This is the moment to choose a name together with the team for that last set of work items, or tickets, or even just PBIs. The most popular option is of course user stories. This will often trigger a discussion of whether the work items are adequate (it’s not written in the right format!). The key is to encourage the team to realise that it is the joint understanding that is most important. Everything else, all those words, names and concepts like INVEST — these are just tools that can be considered as the team gains experience with their process.
One of these tools is estimation. As you may remember from my previous article, after each round of splitting up work items we have estimated the work items using Story Points. So what makes estimation special?
Of course, I can’t discuss Backlog Refinement without talking about estimation. For many, Backlog Refinement is all about estimation. At the same time, many in the Agile community see estimation as evil, mainly due to how easily they can be misused.
Assuming a non-toxic use of estimates, I like them for two reasons:
First of all, they’re a way to test the shared understanding of the team. If the team agrees on an estimate, it builds confidence that there is a true shared understanding and that there are no hidden assumptions that still need to be unearthed.
Second, estimation helps the team learn to size work. This is an invaluable skill. At the most basic level, it helps me answer the question, “Will I be able to deliver this user story in one Sprint?”
That knowledge can be extrapolated, helping the team manage their work as a whole. Beyond the concept of flow we talked about in the beginning of the article, there is also the possibility of roughly dividing the backlog into sprint goals. And there is nothing wrong with a team working towards a deadline of their own making. In fact, it can be hugely effective for their focus and their sense of flow.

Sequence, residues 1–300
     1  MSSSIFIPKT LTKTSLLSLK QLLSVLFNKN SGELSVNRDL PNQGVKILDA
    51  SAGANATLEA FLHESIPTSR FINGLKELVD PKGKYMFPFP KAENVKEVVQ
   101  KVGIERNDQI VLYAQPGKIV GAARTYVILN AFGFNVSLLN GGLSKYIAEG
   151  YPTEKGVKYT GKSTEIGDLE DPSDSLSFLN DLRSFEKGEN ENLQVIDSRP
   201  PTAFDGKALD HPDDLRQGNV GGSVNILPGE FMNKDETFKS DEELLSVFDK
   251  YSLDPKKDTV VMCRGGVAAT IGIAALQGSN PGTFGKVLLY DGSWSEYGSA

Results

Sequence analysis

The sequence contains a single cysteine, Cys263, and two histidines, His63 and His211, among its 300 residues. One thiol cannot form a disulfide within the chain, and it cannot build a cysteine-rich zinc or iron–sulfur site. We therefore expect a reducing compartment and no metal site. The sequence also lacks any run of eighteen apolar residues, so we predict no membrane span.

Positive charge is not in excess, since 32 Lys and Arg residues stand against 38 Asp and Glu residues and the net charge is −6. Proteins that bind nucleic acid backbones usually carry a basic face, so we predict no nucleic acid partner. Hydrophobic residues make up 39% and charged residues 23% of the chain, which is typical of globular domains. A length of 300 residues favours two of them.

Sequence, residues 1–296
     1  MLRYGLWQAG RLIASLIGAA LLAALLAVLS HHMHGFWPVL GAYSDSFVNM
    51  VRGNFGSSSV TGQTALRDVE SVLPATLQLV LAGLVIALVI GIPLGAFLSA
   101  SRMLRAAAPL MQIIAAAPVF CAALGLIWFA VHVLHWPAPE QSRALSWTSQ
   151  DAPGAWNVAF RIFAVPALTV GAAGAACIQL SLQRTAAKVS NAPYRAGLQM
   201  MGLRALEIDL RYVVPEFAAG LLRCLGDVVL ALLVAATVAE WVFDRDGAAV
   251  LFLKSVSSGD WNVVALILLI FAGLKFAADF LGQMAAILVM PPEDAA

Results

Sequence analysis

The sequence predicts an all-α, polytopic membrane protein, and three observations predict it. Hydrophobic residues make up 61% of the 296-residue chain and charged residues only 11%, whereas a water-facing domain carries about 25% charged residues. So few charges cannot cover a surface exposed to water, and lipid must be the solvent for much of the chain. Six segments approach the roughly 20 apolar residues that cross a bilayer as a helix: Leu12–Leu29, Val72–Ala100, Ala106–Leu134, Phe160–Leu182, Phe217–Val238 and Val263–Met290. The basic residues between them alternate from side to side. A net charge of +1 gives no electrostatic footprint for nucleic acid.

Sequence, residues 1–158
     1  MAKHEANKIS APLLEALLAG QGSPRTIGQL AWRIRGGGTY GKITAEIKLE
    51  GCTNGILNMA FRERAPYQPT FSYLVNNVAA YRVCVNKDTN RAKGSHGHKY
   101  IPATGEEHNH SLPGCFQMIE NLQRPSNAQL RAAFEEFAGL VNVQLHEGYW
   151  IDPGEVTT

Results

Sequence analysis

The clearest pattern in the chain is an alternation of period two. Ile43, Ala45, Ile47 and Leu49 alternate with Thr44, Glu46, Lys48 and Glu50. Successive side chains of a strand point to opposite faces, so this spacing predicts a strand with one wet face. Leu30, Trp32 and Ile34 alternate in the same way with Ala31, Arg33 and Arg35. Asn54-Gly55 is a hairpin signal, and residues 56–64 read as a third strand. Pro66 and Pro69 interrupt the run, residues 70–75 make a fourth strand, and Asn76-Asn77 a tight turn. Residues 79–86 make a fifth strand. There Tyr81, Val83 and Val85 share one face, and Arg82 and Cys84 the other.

Again, this is all in the context of a non-toxic environment where the estimates are for the team’s own use. Beyond that, it is useful for making rough delivery projections for stakeholders, as long as all parties involved are very clearly aware of their inaccuracy. Think weather prediction instead of deadlines.
Mike Cohn offers some very handy techniques for dealing with projections and visualizing error margins in his book Agile Estimating and Planning, if you would like to learn more about it.
As for me, the trick here is the same as before — you may be seeing a pattern here — keep it fun, make it feel like a game! To me, the beauty of Story Points is that they abstract estimation to such an extent that it is easy to turn it into a game.
We all know that estimation is a relatively inadequate tool. I find that its inaccuracy means that its value is minimal and therefore investment in estimation should be minimal. Instead, I think it is more important to make it as relaxed and playful as possible.
Through the years I’ve noticed that estimation is generally inaccurate enough that it makes casual estimation just as accurate as formal Scrum Poker. So why put in the time and so much of the team’s energy?
In the activity of Backlog Refinement, I see Daniel Pink’s three pillars of motivation in action: purpose, mastery and autonomy. Let the Scrum team clarify the purpose of the work autonomously, to develop self-confidence, a sense of mastery.
Maybe the most important thing I’ve learnt as a Scrum Master is that Backlog Refinement works best if approached from the highest level of detail. Having gone through the whole breaking up of the Product Goal into individual user stories will give a team a sharp and clear overview of all the work. They will see each user story in the context of the whole, and this seems to mitigate the lack of detail at the user story level, the uncertainty about the how.
Perhaps the reason is rather less rational than I think it is. Perhaps, by working from the highest level the cognitive capacity of the developers - their RAM, so to speak - gets saturated so that they do not have enough space anymore to get sucked up into the details of each individual user story. Precisely the opposite of what happens with teams that only focus on the individual stories, whereby their cognitive capacity is saturated by the details, leaving no space for the overview.
Whatever the case may be, in my experience, teams are usually quite relieved to find how easy the whole Backlog Refinement goes when starting at the higher level of detail. It also seems to give them a huge boost in self-confidence, which allows them to leave the details of the how, the implementation, for the Sprint Planning.
Which incidentally, will be the subject of my next article.